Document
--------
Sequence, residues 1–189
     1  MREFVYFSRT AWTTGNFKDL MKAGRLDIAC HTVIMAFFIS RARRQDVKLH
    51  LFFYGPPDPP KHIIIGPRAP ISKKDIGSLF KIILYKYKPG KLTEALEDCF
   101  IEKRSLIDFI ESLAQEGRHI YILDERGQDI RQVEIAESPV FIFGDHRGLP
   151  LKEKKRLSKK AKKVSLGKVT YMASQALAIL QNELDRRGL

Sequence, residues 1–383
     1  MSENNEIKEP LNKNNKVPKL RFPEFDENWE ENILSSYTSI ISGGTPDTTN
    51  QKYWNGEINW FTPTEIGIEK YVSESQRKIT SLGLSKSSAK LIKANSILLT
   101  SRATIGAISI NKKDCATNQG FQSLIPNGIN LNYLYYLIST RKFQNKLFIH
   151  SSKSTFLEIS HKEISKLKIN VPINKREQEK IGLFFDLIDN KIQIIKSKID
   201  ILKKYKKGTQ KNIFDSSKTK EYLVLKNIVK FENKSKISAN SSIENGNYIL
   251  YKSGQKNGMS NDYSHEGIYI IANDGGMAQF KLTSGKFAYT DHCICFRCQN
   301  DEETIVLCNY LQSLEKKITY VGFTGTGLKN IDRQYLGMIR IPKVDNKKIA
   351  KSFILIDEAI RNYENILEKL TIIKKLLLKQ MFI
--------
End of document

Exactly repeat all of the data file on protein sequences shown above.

Sequence, residues 1–189
     1  MREFVYFSRT AWTTGNFKDL MKAGRLDIAC HTVIMAFFIS RARRQDVKLH
    51  LFFYGPPDPP KHIIIGPRAP ISKKDIGSLF KIILYKYKPG KLTEALEDCF
   101  IEKRSLIDFI ESLAQEGRHI YILDERGQDI RQVEIAESPV FIFGDHRGLP
   151  LKEKKRLSKK AKKVSLGKVT YMASQALAIL QNELDRRGL

Sequence, residues 1–383
     1  MSENNEIKEP LNKNNKVPKL RFPEFDENWE ENILSSYTSI ISGGTPDTTN
    51  QKYWNGEINW FTPTEIGIEK YVSESQRKIT SLGLSKSSAK LIKANSILLT
   101  SRATIGAISI NKKDCATNQG FQSLIPNGIN LNYLYYLIST RKFQNKLFIH
   151  SSKSTFLEIS HKEISKLKIN VPINKREQEK IGLFFDLIDN KIQIIKSKID
   201  ILKKYKKGTQ KNIFDSSKTK EYLVLKNIVK FENKSKISAN SSIENGNYIL
   251  YKSGQKNGMS NDYSHEGIYI IANDGGMAQF KLTSGKFAYT DHCICFRCQN
   301  DEETIVLCNY LQSLEKKITY VGFTGTGLKN IDRQYLGMIR IPKVDNKKIA
   351  KSFILIDEAI RNYENILEKL TIIKKLLLKQ MFI